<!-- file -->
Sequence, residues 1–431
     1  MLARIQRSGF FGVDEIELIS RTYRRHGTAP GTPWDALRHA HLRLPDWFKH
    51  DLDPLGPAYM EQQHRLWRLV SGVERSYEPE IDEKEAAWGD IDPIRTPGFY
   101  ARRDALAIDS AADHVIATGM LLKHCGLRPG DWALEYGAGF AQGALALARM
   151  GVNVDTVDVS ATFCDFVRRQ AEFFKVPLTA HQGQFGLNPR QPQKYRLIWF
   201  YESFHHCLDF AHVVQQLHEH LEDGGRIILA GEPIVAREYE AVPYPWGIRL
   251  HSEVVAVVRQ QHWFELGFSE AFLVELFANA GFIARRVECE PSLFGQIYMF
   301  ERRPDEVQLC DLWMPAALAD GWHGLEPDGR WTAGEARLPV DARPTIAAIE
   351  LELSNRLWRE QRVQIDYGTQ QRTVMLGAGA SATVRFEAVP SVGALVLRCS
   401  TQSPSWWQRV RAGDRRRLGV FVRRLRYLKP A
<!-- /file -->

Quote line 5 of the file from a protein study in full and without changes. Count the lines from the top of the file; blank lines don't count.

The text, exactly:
   151  GVNVDTVDVS ATFCDFVRRQ AEFFKVPLTA HQGQFGLNPR QPQKYRLIWF